“Everyone suffers, we differ only in degree.”

Q. Sins are a tool of social control (you write, “The gods are very useful when it comes to imposing codes of conduct on a large scale”) and also key to our evolution. Where is the boundary between a beneficial and harmful drive?

A. This boundary could be described in very simple terms: finding the balance between maximizing personal gain, without seriously upsetting your community and finding yourself ostracized. A modicum of greed, lust, gluttony, pride, envy, wrath and sloth is perfectly healthy and morally appropriate. It is only in excess that they inevitably lead to anti-social outcomes; hence the warnings against such behavior and prohibitions issued by several religions. Everything in moderation is applicable here as is it in other aspects of life.

Q. You write that, if everyone resisted the seven temptations, there would be less social friction, more cooperation, and therefore everyone would win. How can we resist?

A. Practice, determination and optimism. The huge body of evidence supporting the concept of neuroplasticity — even in adulthood, the human brain is capable of strengthening certain connections, weakening others and thereby slowly but surely changing our behavioral repertoires — suggests that if we regularly (daily), intensively (push ourselves) and over the long term (keep at it) practice emotional self-management we can develop the brain areas that give us more control over excessive levels of activity in our dACC [dorsal anterior cingulate cortex, the brain region linked to anterior cognitive and emotional control].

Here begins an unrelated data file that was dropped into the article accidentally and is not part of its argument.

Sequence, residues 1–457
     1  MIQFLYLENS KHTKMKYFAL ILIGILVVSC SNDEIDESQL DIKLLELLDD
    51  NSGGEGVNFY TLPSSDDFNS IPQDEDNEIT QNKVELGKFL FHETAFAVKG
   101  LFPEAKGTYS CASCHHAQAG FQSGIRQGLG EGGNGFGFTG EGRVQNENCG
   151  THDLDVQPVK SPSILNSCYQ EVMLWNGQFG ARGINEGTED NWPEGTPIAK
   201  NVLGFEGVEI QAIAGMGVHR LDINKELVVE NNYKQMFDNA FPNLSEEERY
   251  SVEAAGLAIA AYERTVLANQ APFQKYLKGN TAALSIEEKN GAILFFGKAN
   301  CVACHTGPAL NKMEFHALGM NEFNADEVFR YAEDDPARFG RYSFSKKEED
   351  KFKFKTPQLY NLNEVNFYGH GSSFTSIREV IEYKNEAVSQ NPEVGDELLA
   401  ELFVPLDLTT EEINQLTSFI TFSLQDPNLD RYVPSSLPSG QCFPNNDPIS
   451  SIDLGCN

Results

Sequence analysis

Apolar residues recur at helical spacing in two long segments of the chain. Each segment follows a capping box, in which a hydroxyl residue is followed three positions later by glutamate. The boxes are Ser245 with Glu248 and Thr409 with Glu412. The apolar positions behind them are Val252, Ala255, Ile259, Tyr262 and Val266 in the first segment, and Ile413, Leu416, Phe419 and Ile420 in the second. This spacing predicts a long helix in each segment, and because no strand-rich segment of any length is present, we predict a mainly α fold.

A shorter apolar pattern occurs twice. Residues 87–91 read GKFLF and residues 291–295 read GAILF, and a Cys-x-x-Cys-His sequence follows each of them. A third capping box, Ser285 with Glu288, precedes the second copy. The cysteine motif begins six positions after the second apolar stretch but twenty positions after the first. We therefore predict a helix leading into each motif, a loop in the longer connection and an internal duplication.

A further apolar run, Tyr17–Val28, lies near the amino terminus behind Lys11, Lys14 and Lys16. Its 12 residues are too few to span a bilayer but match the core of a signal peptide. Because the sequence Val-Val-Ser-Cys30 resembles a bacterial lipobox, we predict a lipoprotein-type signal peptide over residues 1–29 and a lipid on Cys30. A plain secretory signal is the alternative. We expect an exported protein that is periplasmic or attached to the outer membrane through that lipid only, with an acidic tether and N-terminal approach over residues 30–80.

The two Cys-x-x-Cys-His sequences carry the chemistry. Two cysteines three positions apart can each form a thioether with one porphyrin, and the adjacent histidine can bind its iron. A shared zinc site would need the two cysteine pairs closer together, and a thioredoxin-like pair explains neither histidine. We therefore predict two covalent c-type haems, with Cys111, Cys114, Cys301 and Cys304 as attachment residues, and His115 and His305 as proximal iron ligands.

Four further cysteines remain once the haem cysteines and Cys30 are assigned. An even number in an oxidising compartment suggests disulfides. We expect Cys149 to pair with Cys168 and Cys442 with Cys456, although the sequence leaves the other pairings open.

In other words we can all take steps to develop a habit of looking at our emotional distress more objectively. This alone makes it more likely that, instead of responding anti-socially, we might instead choose a pro-social way to respond to others. For example, if someone offends us, rather than responding angrily we can instead think about the pain and distress that they might be suffering (i.e. contemplate how overactive their dACC might be) causing them to behave in an unpleasant way and thereby switch feelings of anger to sympathy.

This certainly isn’t easy, but with practice we can improve to a point where, rather than being hot-headed and impulsively blurting out a response (or plotting our revenge over a longer period of time), we can instead channel our energies into empathizing with their suffering. Everyone suffers, we differ only in degree. From that vantage point, we can steer our behavior towards the only thing that really matters: reaching a pro-social outcome. To nourish social connections rather than destroy them.

Q. Does social media create narcissists?